Just how bad is the Mt. Pulag forest fire?
When flames raged across the stunning mountain, this got us thinking
Jan 22, 2018
A forest fire recently consumed the luscious grass and dwarf bamboo plants covering a part of Mt. Pulag, the highest peak in Luzon. Earlier last Saturday, a group of mountaineers was about to cook rice when their butane gas stove exploded. Panicked, one of them mindlessly pitched the stove away.
Of course, a wildfire broke out for eight hours, suspending trekking and hiking activities until we heard updates from the authorities. Almost two hectares of the grasslands was ravaged. Police said what happened was arson by negligence, a violation of the Fire Code of the Philippines of 2008.
The national park stretching from Ilocos Norte to the Cordillera Provinces is home to various species of flora, including the pitcher plant, which is endemic to the mountain. The rich biodiversity in the mountain may have been spoiled, but is it really bad?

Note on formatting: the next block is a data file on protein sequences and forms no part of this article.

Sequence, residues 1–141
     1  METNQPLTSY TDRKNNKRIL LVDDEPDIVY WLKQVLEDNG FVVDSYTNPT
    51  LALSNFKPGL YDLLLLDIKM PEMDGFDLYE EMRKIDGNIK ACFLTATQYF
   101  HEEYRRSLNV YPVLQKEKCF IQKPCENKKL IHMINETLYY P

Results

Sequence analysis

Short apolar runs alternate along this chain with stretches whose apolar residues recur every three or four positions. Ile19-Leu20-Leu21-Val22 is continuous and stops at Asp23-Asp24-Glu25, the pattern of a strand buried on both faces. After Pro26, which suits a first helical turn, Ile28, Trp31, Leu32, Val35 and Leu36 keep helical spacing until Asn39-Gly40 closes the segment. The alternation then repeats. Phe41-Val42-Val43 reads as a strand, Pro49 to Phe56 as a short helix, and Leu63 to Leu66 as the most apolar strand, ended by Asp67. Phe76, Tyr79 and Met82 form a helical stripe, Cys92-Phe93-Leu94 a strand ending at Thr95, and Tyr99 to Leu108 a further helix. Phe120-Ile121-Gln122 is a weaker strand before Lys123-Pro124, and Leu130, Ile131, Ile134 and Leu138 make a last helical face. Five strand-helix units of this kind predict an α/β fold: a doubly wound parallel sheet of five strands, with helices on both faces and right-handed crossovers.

Benefits of wildfires
It sounds counterintuitive but wildfires actually have some benefits to forests and grasslands. Regular low-intensity fires are considered good for their overall health as they rid the terrain of dead and unhealthy trees and flora that may be nursing diseases, beetles, and termites. And as fires burn up degrading plants, as well as dried leaves and grasses, nutrients return to the soil, thus stimulating new growth.
Wildfires help fauna, too. “Young-growth forests recovering from the fire are home to more diverse species, in both plants and animals. This is because the remnants of burned trees offer attractive habitats to birds and small mammals, and nutrients from burned vegetation continue to leach into the soil to fuel the birth of new plants,” according to Pacific Biodiversity Institute.
If the fire was removed from the cycle, “ecosystems began to get out of balance,” according to US Department of Interior’s National Park Service paper on the benefits of fire.
However, in Mt. Pulag’s case, it’s a circumstance brought about by the irresponsibility of visitors. The authorities of the national park surely know how to take care of the famous hiking destination in the north, and setting it on fire like this is definitely not one of their measures.
Header image courtesy of ABS-CBN News
It’s time we talk about earphone etiquette
3 sinigang recipes using native alibangbang, rattan, and katmon
Here’s where you can volunteer onsite for #TaalEruption2020 relief efforts
LOOK: Deeply-moving acts of bayanihan from the Taal eruptions
What are the government’s plans for the victims of Taal Volcano’s eruption?